Q: Must we from here on out separate our dog from male dogs? Once traumatized, is a dog likely to become ever more defensive with each encounter?
A: I ran a shelter and was an animal officer and I didn’t know entire histories of dogs. The important thing is to be a strong and competent leader and re-record over anything traumatic. Many owners use avoidance because they don’t have the skills to make things better. That’s when each additional encounter becomes more dangerous. I very quickly change it from negative to positive. If you don’t get over it, and get tense each time, you are influencing the encounter at hand. Dogs live in the moment.
Q: Is this a dominance issue?
A: Dominance comes after the dogs figure out if they are friends, foes or someone is prey. After that, they go right into figuring out who ranks where. Rank dictates how they interact. There are dogs that really like each other but there are no best friends.
With Berryman’s guidance, I realize now this situation resulted from our own human error. Our solution is to not bring our dog into the domain of another male dog without both being on leashes, which we will let go of if they initially seem to be buying our positive narration. If there’s any hesitation on the part of the other owner, we will keep our dog home in the care of friends who have so kindly taken him since he was a puppy.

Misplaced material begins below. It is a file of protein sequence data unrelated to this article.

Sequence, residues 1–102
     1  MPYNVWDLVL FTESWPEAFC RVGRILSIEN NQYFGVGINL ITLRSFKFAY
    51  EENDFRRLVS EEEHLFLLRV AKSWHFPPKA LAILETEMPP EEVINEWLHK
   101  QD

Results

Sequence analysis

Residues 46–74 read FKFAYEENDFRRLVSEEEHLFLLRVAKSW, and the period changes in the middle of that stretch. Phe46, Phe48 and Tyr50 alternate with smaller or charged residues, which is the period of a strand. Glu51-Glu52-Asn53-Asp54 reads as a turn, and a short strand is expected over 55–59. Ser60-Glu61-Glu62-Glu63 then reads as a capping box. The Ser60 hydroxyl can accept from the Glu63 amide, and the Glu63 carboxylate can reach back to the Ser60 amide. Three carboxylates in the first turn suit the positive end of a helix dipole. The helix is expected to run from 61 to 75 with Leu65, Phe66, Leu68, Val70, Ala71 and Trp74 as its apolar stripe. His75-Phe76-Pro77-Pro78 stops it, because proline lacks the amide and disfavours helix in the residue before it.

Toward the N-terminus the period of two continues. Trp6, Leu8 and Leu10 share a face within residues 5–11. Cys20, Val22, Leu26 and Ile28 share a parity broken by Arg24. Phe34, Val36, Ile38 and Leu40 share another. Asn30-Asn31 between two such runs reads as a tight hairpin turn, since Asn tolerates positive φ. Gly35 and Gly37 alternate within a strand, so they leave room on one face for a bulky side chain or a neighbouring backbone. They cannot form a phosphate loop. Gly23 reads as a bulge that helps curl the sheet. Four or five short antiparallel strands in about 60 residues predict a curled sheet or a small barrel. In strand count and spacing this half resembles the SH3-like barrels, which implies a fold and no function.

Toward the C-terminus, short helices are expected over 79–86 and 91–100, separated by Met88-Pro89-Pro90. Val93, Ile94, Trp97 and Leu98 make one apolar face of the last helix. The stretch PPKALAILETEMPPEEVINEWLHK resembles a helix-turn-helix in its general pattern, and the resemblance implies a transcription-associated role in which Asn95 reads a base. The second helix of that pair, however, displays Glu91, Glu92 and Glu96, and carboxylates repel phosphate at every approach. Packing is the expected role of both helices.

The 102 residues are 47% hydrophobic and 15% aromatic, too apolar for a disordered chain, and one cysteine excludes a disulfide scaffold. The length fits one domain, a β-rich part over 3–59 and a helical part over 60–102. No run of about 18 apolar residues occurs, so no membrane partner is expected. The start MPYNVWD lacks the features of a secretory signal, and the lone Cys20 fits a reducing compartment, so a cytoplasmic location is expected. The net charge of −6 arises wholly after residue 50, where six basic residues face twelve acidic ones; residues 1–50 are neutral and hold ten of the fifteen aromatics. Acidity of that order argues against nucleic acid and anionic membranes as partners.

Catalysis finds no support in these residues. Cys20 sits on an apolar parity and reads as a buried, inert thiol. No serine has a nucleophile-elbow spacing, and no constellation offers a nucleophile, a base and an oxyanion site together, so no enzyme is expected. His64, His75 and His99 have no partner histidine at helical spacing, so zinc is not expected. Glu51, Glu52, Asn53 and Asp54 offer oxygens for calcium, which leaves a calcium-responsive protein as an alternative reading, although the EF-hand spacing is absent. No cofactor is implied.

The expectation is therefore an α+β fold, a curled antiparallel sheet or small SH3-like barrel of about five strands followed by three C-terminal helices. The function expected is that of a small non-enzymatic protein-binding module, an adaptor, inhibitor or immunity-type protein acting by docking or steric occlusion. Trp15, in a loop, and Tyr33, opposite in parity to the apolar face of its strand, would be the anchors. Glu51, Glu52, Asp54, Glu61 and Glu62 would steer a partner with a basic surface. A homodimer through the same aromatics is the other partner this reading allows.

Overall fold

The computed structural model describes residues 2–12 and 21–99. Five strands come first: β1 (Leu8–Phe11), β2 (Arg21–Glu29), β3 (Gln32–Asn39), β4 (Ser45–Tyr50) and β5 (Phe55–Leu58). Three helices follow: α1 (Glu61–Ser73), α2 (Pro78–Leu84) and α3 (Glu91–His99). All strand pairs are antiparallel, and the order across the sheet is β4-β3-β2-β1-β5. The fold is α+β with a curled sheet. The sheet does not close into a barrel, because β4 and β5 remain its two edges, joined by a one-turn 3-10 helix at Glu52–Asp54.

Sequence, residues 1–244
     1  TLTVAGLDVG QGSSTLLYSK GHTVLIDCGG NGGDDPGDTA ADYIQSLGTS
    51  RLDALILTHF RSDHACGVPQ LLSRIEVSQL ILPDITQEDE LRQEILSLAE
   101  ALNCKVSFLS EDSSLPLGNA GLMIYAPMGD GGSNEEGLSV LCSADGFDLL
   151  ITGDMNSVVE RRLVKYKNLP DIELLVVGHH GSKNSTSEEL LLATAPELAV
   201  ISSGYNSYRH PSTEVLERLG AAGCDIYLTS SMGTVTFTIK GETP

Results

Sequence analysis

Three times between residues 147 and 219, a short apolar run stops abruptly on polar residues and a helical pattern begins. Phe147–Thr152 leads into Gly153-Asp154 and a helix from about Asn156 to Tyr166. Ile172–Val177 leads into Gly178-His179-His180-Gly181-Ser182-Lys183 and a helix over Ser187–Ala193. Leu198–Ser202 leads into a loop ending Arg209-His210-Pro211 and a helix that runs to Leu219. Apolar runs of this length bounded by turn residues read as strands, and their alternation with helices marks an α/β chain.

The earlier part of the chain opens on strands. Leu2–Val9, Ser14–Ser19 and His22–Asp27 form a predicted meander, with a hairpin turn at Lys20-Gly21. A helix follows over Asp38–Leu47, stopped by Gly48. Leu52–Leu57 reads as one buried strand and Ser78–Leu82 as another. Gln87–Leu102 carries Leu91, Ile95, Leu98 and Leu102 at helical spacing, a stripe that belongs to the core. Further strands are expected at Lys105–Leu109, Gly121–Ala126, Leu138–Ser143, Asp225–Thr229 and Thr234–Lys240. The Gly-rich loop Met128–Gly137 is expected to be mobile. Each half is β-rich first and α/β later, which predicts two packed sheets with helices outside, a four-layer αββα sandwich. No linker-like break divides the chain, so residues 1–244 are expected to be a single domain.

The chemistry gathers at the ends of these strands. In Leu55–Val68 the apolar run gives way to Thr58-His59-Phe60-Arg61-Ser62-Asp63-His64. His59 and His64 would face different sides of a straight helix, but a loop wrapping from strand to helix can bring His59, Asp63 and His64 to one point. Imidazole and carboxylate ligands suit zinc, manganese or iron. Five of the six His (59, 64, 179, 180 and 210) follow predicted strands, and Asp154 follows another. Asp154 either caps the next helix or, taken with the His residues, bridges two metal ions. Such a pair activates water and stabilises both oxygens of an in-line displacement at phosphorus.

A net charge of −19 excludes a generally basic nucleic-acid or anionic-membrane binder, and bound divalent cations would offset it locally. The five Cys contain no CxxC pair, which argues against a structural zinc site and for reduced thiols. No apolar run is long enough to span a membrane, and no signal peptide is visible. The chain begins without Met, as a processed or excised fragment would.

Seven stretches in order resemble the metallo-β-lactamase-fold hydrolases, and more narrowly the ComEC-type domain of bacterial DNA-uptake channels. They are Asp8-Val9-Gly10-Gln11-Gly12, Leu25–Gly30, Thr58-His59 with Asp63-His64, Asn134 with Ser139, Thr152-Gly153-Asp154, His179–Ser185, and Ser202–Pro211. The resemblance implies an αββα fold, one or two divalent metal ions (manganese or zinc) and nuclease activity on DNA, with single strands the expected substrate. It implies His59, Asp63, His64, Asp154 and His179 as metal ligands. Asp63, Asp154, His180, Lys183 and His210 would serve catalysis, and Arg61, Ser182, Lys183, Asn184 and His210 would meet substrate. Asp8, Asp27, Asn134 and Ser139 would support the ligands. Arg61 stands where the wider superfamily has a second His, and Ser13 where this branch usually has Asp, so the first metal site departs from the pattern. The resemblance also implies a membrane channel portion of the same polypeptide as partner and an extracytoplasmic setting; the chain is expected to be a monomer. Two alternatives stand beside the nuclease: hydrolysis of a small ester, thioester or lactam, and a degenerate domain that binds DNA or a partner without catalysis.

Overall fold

Melissa Berryman is the author of “People Training for Good Dogs,” and is a dog bite prevention specialist for the Dog Owner Education and Community Safety Council. As a former animal officer, Melissa Berryman witnessed every failure imaginable among dogs, their owners, and her community. Drawing from these experiences and her knowledge of both human and canine behaviors, Berryman created the People Training for Good Dogs program to help owners incorporate the canine point of view into dog owners’ handling skills. By offering insight into the importance of acknowledging and working with core canine social and behavioral drives, Berryman provides owners with sound handling techniques. Written with humor and compassion, People Training for Good Dogs will quickly show you how to use clear feed-back in order to achieve off-leash vocal control.
By Wendy Donahue, for American Dog Club
Our solution is to not bring our dog into the domain of another male dog without both being on leashes.